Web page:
She’s professional on the phones, Patrick said, keeping an even temper when dealing with irate customers.

“When the companies call they don’t want to listen to an answering machine,” Patrick said. “But when they call they get Mona and they always said how good it is.”

Zipay has consoled many customers over the phone, a key quality when helping others recover from disasters such as theft or fire.

“They think insurance adjusters are going to cheat them and you have to assure them that we are not and go the extra mile with them,” Zipay said. “A few kind words does a lot.”

Zipay remembers when Hurricane Hazel blew out all of the windows in McLean’s department store in Downtown Binghamton in October of 1954. In 1998, between storms and a tornado in Vestal, the company completed 2,500 claims in one year. 

Zipay trained to be a secretary at Whitney Point High School, where she graduated in 1951. She had the choice between taking college entrance courses or business courses.

“I knew that I was not going to be able to go to college, so I chose the business,” Zipay said.

It was a step up from factory work, she determined.

There, she was taught to wear white gloves and a hat, never wear slacks and always wear stockings.

“We were not allowed to wear slacks to work,” Zipay said. “You had to wear a dress. And, once in a great while, on a Friday but they were not allowed. You just didn’t go to work in slacks.”

Now, Zipay wears slacks. But she always dresses professionally. When we meet, she is dressed in crisp white shirt and navy jacket, topped with a gold and peach pin.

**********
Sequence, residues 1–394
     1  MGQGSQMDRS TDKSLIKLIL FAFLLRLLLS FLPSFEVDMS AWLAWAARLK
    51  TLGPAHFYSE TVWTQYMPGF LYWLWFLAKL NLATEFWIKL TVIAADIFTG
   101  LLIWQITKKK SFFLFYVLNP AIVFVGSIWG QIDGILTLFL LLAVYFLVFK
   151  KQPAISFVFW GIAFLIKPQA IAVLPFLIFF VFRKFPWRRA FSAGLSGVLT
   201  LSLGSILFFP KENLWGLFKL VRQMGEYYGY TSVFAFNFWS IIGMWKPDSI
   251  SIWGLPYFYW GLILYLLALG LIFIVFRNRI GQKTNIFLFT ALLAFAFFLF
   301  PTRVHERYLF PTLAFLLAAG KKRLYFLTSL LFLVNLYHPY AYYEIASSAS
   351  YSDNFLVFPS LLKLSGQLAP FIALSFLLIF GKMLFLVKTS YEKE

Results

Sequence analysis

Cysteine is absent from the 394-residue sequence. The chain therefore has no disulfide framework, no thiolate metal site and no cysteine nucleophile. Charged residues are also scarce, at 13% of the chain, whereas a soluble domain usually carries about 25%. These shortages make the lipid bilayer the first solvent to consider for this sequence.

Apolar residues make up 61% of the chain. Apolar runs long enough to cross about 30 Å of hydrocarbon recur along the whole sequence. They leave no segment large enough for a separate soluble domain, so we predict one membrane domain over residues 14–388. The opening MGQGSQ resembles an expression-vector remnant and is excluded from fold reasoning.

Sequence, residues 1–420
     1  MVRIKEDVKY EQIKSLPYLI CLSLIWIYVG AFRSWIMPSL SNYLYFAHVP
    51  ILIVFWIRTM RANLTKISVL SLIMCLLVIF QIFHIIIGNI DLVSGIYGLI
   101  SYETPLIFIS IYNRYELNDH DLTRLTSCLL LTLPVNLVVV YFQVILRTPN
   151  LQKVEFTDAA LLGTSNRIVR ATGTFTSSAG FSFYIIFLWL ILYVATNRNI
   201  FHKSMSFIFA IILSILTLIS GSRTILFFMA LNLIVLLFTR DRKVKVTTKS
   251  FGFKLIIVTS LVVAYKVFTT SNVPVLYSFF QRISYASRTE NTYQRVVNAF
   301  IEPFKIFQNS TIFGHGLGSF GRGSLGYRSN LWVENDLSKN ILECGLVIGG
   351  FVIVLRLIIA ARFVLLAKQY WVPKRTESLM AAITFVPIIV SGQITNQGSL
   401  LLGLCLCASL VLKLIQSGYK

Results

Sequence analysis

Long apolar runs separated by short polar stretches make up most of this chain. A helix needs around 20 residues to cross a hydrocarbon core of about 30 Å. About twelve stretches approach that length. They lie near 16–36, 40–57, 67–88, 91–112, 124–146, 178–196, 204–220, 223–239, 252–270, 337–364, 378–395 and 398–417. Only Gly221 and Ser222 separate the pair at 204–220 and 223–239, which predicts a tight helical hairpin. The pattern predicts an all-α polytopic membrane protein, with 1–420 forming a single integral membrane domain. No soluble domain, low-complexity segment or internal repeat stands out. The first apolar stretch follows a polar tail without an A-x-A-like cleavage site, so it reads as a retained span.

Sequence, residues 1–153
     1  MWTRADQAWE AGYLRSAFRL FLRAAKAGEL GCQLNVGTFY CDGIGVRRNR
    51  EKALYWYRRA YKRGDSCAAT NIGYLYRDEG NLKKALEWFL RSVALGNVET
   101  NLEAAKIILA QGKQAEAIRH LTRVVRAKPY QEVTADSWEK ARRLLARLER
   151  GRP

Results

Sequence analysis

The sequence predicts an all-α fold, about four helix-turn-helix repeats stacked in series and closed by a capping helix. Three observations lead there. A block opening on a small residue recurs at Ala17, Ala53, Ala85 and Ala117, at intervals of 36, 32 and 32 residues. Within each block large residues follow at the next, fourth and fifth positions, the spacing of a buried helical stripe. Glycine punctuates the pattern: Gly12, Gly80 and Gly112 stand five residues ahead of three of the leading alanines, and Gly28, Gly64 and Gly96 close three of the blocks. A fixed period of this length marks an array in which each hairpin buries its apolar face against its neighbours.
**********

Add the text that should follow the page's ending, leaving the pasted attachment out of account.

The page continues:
“That was one of the things that impressed me about her,” said MaryAnn. “She’s always dressed up.”

 When Zipay graduated high school, jobs were not easy to come by.

“And, once you got a job, you were grateful to have it,” Zipay said. “And I think you stayed there longer.”

Patrick visited his father’s office often at a child, gifting Zipay with two bottles of wine after she helped type his book report. 

“We had a time to grow up together and it never created a problem of any kind,” Zipay said.

As she sits in her desk, a few steps from the office stairs, tears well in Zipay’s eyes as she talks about her favorite aspect of the job.

“The family,” she said. “The work was the same, wherever you worked was the same. We are like a family. It really is”

Throughout all 58 years, Zipay never looked for another job. She was just happy to have a job, she said.

“It probably sounds ridiculous, but it just was a good place,” Zipay said. “They were always good to me and I guess it worked for us.”

The Dorners marked Zipay’s last day on Dec. 29 with a party at Little Venice in Binghamton, complete with a Victorian-style cake decorated with a typewriter. 

She loves the Victorian era — she collects vintage hats — and the cake’s whip cream lace, pearls and pink flowers suited her style perfectly. 

The good-byes were hard. The last day was a sad one. 

“If I don’t talk about it, I’m okay,” she said. “If I talk about it I’m not okay.” 

Mike and Patrick have taken over Zipay’s duties, and miss her already.

For retirement, Zipay plans to do “nothing.”

She might sleep in and spend time with her husband, Dick. Her granddaughter is getting married this year, so she’s looking forward to that.

“You hate to leave the normal and what you’re used to and that’s what I was doing, so it was hard,” Zipay said. “But it was the right thing.”